Presence of Brazilian hashtags in other countries must not be automatically associated with bots
Occurrences on Twitter during debate on the decriminalization of abortion in the STF raised some suspicions among users
Updated 20 de August, 2018 at 10:50 am
Debates on national themes with broad repercussion on social networks have provoked an intriguing phenomenon to Brazilian users: the presence of hashtags on national topics in the Trending Topics (TTs) of countries that apparently are not linked to the discussion. The suspicion raised by internet users is that debates would have had the interference of bots, which would be used to prompt such themes. However, an analysis FGV DAPP indicates that there were not automated interferences – neither internal nor external – determining the Trending Topics.
One of the focuses of debate last week – and of doubts on bots prompting some TTs – was the mobilization on social networks about the decriminalization of abortion until the 12th week of pregnancy, motivated by a public hearing in the Federal Supreme Court on the matter.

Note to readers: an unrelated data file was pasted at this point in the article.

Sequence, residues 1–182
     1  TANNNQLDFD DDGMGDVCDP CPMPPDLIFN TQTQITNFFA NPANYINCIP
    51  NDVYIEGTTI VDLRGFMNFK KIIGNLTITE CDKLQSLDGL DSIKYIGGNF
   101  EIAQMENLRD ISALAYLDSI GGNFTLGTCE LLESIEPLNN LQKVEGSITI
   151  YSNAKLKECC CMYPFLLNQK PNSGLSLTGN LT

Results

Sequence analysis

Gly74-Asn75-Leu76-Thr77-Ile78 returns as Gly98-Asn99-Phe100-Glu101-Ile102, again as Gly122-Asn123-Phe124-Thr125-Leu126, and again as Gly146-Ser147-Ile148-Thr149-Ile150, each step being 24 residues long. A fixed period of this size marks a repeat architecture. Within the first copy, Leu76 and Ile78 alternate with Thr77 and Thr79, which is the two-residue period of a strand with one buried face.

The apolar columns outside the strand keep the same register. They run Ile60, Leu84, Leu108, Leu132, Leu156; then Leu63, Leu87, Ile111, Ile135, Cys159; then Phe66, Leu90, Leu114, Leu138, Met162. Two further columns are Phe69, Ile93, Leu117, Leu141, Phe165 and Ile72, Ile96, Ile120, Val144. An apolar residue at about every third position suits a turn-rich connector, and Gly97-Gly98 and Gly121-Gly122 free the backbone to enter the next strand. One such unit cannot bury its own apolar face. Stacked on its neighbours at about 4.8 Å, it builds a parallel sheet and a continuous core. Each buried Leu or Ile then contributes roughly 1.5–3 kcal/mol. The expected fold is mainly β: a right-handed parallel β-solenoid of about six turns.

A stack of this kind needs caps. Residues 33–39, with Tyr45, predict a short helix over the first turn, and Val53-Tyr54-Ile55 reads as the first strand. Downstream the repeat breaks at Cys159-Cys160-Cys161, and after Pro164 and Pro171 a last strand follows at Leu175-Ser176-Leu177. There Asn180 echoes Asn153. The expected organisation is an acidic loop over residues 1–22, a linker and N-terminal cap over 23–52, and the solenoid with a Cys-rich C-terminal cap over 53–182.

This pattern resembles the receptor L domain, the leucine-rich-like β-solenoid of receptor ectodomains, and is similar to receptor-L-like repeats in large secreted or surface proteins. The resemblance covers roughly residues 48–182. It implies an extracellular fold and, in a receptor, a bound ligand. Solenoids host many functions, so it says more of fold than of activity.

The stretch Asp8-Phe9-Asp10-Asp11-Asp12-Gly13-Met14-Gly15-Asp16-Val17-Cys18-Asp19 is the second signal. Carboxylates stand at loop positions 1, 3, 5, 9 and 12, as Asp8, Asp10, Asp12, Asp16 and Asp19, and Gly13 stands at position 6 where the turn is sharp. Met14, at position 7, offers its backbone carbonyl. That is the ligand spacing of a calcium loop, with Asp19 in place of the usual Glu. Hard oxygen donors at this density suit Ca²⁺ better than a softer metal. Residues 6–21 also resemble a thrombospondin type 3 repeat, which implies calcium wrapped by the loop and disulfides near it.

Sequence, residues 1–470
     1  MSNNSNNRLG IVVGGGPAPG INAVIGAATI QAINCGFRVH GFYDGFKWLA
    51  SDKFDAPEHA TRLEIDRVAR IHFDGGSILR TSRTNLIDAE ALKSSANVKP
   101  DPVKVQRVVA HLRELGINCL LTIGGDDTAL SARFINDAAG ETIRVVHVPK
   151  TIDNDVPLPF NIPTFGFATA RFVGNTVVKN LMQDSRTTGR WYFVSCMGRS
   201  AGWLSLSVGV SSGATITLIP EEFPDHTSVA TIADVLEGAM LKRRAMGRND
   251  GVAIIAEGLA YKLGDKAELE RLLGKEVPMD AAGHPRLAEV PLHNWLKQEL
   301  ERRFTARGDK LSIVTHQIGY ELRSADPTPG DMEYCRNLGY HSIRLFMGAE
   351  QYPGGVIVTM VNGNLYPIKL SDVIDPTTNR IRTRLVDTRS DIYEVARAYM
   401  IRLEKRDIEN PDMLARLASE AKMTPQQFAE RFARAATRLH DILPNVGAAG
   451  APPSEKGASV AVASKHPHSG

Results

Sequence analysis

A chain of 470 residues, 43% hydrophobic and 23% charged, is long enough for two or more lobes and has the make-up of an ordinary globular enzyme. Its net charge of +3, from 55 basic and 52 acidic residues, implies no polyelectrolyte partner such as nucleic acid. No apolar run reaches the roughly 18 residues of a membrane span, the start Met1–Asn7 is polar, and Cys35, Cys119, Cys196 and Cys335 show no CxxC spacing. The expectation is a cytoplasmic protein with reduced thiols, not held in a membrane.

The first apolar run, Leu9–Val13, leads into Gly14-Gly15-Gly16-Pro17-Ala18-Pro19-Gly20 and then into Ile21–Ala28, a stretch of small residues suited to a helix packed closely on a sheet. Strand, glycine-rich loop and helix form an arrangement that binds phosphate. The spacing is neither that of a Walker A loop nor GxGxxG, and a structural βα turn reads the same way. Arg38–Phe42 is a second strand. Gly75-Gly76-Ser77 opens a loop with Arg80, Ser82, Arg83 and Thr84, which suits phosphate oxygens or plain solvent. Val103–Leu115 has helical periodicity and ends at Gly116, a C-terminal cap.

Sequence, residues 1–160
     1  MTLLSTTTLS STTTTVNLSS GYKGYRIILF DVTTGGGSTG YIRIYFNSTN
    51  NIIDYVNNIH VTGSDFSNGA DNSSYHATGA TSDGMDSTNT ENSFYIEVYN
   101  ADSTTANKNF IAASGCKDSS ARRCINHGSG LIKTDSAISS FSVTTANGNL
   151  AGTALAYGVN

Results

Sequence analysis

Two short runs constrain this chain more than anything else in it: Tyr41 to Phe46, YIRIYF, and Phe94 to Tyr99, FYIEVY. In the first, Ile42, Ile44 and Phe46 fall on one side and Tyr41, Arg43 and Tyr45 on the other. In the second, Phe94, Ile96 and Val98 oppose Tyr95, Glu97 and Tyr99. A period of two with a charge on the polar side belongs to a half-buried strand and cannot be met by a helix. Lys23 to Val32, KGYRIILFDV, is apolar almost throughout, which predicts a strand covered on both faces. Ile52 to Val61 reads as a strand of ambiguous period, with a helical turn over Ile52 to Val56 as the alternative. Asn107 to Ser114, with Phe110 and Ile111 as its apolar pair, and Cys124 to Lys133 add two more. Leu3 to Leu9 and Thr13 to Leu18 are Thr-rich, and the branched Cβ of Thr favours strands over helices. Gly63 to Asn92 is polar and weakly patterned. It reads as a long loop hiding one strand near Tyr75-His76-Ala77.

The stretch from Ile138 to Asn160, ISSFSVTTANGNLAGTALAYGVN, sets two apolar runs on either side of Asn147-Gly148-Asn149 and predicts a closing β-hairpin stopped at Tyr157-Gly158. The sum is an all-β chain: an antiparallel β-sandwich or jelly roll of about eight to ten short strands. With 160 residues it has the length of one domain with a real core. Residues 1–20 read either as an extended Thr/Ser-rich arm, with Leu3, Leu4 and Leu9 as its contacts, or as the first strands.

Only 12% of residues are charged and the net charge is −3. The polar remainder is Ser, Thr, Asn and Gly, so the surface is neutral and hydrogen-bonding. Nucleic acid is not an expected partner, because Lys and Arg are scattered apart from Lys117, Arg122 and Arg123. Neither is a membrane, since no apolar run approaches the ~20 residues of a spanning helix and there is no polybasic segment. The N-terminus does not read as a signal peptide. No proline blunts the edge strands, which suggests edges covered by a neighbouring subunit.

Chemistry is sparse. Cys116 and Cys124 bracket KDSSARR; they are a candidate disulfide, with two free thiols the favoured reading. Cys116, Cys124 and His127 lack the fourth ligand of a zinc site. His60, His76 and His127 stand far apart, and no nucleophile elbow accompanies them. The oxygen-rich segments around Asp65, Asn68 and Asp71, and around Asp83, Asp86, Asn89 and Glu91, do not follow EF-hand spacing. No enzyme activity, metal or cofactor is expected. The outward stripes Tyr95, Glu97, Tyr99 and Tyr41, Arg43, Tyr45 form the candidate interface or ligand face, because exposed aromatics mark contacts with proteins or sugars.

Imagino que a @fgvdapp (sigam eles, sério) estão monitorando o "debate nas redes sociais", mas fiquei curioso pra ver um estudo deles sobre essas interações estrangeiras e quais perfis brasileiros podem estar servindo de base pra eles.
— ¯_(ツ)_/¯( ͡° ͜ʖ ͡°) (@fazamor) August 3, 2018
Low interference of bots
In order to verify the hypothesis of illegitimate interferences, FGV DAPP first analyzed 1,120,493 tweets, posted by 348,731 accounts in three major groups of discussion that was formed on the theme. Among these accounts, only 631 (0.18%) were classified as automated based on the methodology DAPP, either for posting in less than a second at least twice during the period analyzed, or for using automating platforms to produce their tweets – both parameters are the ones used by the FGV DAPP to identify bots.